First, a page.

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RELIGION AND SCIENCE
THEIR RELATIONS TO EACH OTHER
AT THE PRESENT DAY
ON THE GROUNDS OF RELIGIOUS BELIEF
STANLEY T. GIBSON, B.D.
RECTOR OF SANDON, IN ESSEX ; AND LATE FELLOW OF QUEEN'S COLLEGE, CAMBRIDGE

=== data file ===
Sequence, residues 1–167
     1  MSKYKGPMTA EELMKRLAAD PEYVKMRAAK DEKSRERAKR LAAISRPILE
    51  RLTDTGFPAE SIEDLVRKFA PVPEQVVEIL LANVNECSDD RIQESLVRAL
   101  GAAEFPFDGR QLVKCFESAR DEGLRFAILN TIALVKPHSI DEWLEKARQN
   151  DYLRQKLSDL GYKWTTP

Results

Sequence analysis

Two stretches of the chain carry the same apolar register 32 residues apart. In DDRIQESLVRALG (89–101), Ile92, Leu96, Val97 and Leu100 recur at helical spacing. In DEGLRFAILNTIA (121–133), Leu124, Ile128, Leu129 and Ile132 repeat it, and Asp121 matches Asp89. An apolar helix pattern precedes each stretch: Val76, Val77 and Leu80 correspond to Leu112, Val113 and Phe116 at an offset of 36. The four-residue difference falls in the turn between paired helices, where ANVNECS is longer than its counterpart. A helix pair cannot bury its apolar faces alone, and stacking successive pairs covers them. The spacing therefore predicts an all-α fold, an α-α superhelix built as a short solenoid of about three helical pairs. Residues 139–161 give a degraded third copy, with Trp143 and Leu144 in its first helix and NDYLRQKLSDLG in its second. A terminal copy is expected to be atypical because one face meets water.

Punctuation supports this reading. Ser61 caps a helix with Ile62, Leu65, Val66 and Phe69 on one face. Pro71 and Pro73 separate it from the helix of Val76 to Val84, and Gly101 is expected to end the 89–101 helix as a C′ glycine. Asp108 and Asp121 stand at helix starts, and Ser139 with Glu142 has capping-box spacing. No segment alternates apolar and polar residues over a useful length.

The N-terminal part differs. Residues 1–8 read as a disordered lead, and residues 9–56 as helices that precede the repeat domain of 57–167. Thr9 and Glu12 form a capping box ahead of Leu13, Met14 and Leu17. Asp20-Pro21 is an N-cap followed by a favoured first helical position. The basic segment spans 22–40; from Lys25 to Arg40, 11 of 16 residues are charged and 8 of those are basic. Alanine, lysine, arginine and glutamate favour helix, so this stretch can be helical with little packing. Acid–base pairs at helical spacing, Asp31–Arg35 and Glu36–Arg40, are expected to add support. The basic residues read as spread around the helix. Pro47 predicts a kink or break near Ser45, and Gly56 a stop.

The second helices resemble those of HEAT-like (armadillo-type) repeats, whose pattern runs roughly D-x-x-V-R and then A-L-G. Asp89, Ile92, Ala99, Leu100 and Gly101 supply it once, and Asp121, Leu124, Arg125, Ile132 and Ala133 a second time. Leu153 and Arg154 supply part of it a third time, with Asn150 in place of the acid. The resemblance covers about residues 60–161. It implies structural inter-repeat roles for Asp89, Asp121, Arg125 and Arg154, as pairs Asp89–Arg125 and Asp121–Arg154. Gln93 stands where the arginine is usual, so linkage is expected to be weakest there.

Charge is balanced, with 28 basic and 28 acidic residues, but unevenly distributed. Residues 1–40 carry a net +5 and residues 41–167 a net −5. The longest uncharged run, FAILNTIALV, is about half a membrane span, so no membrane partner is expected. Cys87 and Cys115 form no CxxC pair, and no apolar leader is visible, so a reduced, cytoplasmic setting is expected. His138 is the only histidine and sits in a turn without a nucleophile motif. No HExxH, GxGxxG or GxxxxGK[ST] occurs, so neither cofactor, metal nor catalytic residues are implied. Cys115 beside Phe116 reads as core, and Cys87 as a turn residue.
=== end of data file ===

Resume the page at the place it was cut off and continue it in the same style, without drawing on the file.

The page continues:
I PUBLISH the following Essays as an attempt to do something for an object which seems to me of the highest importance in these days, viz. the reconciliation of religion and science. When I do so, I feel strongly that they fall much short of accomplishing such a reconciliation. For even if their success in dealing with the questions of which they treat should be much greater than I have any right to believe that it is, still it would be true that they did nothing as to that class of difficulties which concerns the nature and extent of the inspiration of the Bible, and the alleged discrepancies between its statements and the results of modern science and criticism. But I still hope that what I now put forward may have some value. I have endeavoured fairly to take into account what I suppose to be the ultimate position of modern science; that position to which at all events men of science are tending, viz. the recognition of a universal reign of law both